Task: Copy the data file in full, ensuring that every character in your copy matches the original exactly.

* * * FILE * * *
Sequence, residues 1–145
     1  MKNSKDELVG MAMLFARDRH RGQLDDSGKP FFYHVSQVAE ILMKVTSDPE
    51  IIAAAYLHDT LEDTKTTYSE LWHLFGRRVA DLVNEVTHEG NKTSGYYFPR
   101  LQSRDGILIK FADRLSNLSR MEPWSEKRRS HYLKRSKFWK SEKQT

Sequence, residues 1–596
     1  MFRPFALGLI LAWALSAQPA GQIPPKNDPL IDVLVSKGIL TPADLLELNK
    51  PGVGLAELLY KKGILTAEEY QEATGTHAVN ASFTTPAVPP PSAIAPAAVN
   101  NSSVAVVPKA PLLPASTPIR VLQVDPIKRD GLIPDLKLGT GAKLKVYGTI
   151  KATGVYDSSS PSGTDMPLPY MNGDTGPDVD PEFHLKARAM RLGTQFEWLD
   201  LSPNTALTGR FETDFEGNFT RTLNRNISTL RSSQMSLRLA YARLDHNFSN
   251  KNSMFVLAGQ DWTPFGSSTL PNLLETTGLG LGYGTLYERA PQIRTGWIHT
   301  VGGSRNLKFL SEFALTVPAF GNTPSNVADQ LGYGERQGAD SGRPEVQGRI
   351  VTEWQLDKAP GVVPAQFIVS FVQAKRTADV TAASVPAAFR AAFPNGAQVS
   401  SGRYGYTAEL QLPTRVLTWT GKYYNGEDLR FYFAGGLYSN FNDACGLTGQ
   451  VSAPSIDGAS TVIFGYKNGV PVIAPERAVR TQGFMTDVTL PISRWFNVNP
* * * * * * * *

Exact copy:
Sequence, residues 1–145
     1  MKNSKDELVG MAMLFARDRH RGQLDDSGKP FFYHVSQVAE ILMKVTSDPE
    51  IIAAAYLHDT LEDTKTTYSE LWHLFGRRVA DLVNEVTHEG NKTSGYYFPR
   101  LQSRDGILIK FADRLSNLSR MEPWSEKRRS HYLKRSKFWK SEKQT

Sequence, residues 1–596
     1  MFRPFALGLI LAWALSAQPA GQIPPKNDPL IDVLVSKGIL TPADLLELNK
    51  PGVGLAELLY KKGILTAEEY QEATGTHAVN ASFTTPAVPP PSAIAPAAVN
   101  NSSVAVVPKA PLLPASTPIR VLQVDPIKRD GLIPDLKLGT GAKLKVYGTI
   151  KATGVYDSSS PSGTDMPLPY MNGDTGPDVD PEFHLKARAM RLGTQFEWLD
   201  LSPNTALTGR FETDFEGNFT RTLNRNISTL RSSQMSLRLA YARLDHNFSN
   251  KNSMFVLAGQ DWTPFGSSTL PNLLETTGLG LGYGTLYERA PQIRTGWIHT
   301  VGGSRNLKFL SEFALTVPAF GNTPSNVADQ LGYGERQGAD SGRPEVQGRI
   351  VTEWQLDKAP GVVPAQFIVS FVQAKRTADV TAASVPAAFR AAFPNGAQVS
   401  SGRYGYTAEL QLPTRVLTWT GKYYNGEDLR FYFAGGLYSN FNDACGLTGQ
   451  VSAPSIDGAS TVIFGYKNGV PVIAPERAVR TQGFMTDVTL PISRWFNVNP